The membrane strip may be made of any substance which has sufficient porosity to allow capillary action of fluid along its surface and through its interior. The membrane strip should have sufficient porosity to allow movement of antibody- or antigen-coated particles. The membrane strip should also be wettable by the fluid used in the sample which contains the analyte to be detected (e.g., hydrophilicity for aqueous fluids, hydrophobicity for organic solvents). Hydrophobicity of a membrane can be altered to render the membrane hydrophilic for use with aqueous fluid, by processes such as those described in U.S. Pat. No. 4,340,482, or U.S. Pat. No. 4,618,533, which describe transformation of a hydrophobic surface into a hydrophilic surface. Examples of substances which can be used to form a membrane strip include: cellulose, nitrocellulose, cellulose acetate, glass fiber, nylon, polyelectrolyte ion exchange membrane, acrylic copolymer/nylon, and polyethersulfone. In a preferred embodiment, the membrane strip is made of nitrocellulose.

The absorbent pad may be formed of an absorbent substance that can absorb the fluid used as the sample and buffer. The absorption capacity of the absorbent pad should be sufficiently large to absorb the fluids that are delivered to the test strip. Examples of substances suitable for use in an absorbent pad include cellulose and glass fiber.

The buffer addition pad may be formed of any absorbent substance. Examples of substances that may be used include cellulose, cellulose nitrate, cellulose acetate, glass fiber, nylon, polyelectrolyte ion exchange membrane, acrylic copolymer/nylon, and polyethersulfone.

As discussed previously, the conjugate buffer addition pad may serve as a conjugate pad and contain an agent labeled with a detectable marker which is capable of binding to the analyte to be detected in the sample. Alternatively, the test strip may include a conjugate pad separate from the buffer addition pad which contains an agent labeled with a detectable marker which is capable of binding to the analyte to be detected in the sample.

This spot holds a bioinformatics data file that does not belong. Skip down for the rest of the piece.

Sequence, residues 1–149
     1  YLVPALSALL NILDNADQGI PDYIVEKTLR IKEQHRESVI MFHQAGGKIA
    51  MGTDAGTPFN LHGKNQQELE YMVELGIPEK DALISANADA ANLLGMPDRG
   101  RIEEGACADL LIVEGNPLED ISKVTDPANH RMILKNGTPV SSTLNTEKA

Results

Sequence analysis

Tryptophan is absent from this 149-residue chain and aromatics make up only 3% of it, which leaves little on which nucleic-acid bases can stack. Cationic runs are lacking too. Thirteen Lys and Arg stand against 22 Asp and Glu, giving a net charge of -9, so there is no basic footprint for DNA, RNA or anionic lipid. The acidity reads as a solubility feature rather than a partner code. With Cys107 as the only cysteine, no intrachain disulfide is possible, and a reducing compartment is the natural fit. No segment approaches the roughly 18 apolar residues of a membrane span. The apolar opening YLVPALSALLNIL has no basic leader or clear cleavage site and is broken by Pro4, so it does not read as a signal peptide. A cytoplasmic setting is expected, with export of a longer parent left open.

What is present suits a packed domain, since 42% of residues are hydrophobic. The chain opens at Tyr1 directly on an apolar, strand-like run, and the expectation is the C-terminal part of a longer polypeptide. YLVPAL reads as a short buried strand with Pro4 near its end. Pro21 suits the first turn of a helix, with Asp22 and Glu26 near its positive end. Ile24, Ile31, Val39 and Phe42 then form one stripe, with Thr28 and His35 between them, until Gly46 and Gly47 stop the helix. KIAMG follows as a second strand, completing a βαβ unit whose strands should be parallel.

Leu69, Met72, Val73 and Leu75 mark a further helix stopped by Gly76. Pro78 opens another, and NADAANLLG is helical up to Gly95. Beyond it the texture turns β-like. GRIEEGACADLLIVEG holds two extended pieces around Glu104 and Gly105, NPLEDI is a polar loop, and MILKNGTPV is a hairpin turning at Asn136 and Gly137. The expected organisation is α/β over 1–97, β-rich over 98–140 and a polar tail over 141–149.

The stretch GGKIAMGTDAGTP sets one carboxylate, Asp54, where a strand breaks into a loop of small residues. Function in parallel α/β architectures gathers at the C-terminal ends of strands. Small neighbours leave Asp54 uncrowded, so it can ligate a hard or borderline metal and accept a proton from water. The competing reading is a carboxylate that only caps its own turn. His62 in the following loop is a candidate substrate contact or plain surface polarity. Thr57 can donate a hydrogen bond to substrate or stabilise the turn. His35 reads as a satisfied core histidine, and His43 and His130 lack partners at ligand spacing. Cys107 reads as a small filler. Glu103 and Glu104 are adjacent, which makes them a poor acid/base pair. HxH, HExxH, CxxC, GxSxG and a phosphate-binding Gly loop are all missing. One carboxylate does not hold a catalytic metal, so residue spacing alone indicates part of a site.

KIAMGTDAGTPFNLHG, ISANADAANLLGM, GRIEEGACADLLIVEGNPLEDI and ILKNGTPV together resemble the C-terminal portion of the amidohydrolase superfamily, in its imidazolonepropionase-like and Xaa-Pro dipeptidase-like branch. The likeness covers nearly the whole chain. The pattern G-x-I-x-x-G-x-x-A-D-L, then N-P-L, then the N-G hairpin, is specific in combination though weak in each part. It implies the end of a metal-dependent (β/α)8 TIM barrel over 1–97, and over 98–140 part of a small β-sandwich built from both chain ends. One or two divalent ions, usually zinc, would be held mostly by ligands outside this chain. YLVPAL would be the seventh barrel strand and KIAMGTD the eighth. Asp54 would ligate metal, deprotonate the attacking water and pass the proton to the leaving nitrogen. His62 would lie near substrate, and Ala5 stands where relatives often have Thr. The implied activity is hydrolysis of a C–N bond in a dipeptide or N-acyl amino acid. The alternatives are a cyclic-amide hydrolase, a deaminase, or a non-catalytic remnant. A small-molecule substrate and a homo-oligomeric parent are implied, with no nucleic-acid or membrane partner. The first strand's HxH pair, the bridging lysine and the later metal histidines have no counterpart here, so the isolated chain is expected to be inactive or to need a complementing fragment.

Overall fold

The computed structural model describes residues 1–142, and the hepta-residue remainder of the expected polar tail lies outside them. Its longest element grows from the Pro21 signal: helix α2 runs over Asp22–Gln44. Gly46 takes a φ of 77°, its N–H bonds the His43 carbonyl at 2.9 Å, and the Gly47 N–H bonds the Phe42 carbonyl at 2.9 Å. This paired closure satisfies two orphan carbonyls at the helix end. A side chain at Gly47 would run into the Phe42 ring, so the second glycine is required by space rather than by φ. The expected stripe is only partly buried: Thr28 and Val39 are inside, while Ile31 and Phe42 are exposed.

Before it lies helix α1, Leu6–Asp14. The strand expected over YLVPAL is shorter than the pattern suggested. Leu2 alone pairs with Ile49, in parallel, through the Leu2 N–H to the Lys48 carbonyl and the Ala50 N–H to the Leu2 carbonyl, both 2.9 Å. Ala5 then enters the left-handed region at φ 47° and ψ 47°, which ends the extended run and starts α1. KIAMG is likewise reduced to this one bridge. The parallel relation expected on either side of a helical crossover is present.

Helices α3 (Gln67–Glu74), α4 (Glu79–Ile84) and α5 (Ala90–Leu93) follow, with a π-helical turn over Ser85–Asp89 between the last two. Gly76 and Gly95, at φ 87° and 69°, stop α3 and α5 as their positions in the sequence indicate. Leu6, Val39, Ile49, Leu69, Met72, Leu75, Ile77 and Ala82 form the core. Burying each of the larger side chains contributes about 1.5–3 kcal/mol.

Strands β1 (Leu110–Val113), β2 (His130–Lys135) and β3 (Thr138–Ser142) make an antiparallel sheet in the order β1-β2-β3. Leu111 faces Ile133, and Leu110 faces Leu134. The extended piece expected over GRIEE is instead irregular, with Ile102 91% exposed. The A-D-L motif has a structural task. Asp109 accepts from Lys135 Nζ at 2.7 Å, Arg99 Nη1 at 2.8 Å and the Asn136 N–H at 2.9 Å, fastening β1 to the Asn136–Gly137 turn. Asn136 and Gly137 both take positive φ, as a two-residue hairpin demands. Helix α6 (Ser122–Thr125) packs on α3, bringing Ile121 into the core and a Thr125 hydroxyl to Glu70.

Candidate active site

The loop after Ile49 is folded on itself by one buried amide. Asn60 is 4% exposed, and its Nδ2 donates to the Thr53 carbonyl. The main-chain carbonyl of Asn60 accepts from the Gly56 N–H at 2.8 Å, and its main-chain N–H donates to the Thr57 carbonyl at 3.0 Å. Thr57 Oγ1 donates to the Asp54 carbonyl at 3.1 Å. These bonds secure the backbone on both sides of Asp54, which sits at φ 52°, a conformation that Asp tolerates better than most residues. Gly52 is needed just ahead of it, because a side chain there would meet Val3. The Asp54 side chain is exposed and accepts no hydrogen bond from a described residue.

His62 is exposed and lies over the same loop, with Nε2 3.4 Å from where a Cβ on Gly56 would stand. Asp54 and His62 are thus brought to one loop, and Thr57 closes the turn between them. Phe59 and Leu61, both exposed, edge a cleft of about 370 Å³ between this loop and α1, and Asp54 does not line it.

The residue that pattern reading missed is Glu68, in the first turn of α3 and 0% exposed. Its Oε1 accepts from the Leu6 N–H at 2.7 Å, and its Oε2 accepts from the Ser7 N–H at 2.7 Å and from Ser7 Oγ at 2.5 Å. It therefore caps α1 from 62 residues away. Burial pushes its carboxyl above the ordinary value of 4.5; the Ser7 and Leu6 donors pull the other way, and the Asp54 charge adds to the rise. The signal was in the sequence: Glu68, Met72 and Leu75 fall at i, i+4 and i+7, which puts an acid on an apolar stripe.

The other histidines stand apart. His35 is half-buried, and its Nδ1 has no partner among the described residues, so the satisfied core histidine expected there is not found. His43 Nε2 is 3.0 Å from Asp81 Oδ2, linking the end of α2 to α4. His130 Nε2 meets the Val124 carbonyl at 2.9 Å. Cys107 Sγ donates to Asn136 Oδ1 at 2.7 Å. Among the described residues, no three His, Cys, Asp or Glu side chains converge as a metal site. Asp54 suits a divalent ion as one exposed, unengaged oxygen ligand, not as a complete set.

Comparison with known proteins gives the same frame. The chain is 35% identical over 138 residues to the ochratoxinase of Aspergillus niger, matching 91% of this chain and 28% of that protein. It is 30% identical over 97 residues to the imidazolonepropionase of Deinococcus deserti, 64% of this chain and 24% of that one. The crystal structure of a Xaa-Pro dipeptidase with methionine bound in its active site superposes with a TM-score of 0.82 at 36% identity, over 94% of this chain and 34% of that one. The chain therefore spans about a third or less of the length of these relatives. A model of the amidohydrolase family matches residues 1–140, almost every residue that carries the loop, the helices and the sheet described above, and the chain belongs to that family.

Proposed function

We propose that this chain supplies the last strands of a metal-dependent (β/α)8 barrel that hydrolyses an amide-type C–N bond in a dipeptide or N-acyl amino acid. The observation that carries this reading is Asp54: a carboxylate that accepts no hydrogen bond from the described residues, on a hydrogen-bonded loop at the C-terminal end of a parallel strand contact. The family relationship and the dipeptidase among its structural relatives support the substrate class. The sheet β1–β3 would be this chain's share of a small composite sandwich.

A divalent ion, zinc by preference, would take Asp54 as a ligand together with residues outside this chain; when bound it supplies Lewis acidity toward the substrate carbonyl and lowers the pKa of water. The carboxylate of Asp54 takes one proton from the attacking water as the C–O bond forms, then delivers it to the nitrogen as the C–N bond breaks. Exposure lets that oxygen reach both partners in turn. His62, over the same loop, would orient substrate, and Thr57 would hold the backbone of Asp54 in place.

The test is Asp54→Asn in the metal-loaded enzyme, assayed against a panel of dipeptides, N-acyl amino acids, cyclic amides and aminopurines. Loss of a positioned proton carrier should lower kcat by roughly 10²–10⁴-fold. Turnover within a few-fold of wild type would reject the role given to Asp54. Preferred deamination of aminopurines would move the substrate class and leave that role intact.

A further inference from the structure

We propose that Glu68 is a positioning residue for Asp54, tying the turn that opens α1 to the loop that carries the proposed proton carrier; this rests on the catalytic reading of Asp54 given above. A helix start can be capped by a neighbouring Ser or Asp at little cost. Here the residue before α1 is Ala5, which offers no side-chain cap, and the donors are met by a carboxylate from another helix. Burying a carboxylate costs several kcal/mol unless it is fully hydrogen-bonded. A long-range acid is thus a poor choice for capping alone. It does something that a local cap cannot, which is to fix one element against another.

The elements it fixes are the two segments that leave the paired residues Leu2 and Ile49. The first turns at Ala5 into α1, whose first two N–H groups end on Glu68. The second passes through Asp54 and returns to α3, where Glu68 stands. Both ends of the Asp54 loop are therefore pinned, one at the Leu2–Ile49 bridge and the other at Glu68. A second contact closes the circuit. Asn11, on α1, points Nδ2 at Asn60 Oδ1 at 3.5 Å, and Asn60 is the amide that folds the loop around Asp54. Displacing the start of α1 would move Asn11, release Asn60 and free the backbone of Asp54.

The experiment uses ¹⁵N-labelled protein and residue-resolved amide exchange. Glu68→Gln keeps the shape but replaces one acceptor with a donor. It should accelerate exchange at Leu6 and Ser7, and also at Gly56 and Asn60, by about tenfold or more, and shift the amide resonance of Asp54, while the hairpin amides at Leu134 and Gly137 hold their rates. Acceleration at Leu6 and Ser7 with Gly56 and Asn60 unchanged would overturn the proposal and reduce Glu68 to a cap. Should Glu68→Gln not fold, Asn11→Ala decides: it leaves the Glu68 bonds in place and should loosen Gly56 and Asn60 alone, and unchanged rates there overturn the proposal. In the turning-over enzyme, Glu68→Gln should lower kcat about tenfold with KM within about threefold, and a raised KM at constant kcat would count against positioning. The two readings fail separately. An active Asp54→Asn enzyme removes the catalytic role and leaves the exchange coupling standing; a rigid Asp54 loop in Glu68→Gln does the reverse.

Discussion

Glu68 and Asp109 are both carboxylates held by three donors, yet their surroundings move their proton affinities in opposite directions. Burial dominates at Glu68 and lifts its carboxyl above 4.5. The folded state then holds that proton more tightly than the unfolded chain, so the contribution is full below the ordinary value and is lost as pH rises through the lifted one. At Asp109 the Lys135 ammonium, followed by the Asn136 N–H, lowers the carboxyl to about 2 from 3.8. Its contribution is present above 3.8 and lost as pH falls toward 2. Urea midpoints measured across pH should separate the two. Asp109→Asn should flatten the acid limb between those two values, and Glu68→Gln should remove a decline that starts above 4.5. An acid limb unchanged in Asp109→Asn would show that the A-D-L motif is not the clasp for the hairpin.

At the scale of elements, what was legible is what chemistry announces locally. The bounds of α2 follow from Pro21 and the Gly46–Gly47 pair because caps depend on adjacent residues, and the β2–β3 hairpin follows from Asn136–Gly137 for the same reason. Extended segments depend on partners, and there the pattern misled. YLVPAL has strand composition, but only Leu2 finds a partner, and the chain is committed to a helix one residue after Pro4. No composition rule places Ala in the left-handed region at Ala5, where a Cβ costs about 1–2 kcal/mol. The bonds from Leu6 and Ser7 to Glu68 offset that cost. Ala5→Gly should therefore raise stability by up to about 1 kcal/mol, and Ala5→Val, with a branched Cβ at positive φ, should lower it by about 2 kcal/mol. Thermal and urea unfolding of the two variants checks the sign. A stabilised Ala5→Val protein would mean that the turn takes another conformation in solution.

The protective cover may be formed of any material which is impervious to water, and is preferably translucent or transparent. The protective covering may be a single or multiple layers. Preferable materials for use in the protective covering include optically transmissive materials such as polyamide, polyester, polyethylene, acrylic, glass, or similar materials. The protective covering may be clear or not clear depending on method of detection used. In a preferable embodiment, protective covering is optically clear polyester.

2. Assays For Use With Test Strips According To The Present Invention

The test strips of the present invention are intended to be employable with a wide variety of lateral flow assays involving two analyte binding agents which each can bind to an analyte to be detected. At least one of the binding agents should bind selectively to the analyte. More specifically, one of the binding agents should bind to the analyte and not bind to any other components of the sample.

As used herein, the term, “analyte,” is intended to refer to any component of a sample (e.g., molecule, compound, or aggregate thereof) which is to be detected and optionally quantitatively determined by an assay test strip. Examples of analytes include proteins, such as hormones and other secreted proteins, enzymes, and cell surface proteins; glycoproteins; peptides; small molecules; polysaccharides; antibodies (including monoclonal or polyclonal Ab and portions thereof); nucleic acids; drugs; toxins; viruses or virus particles; portions of a cell wall; and other compounds possessing epitopes.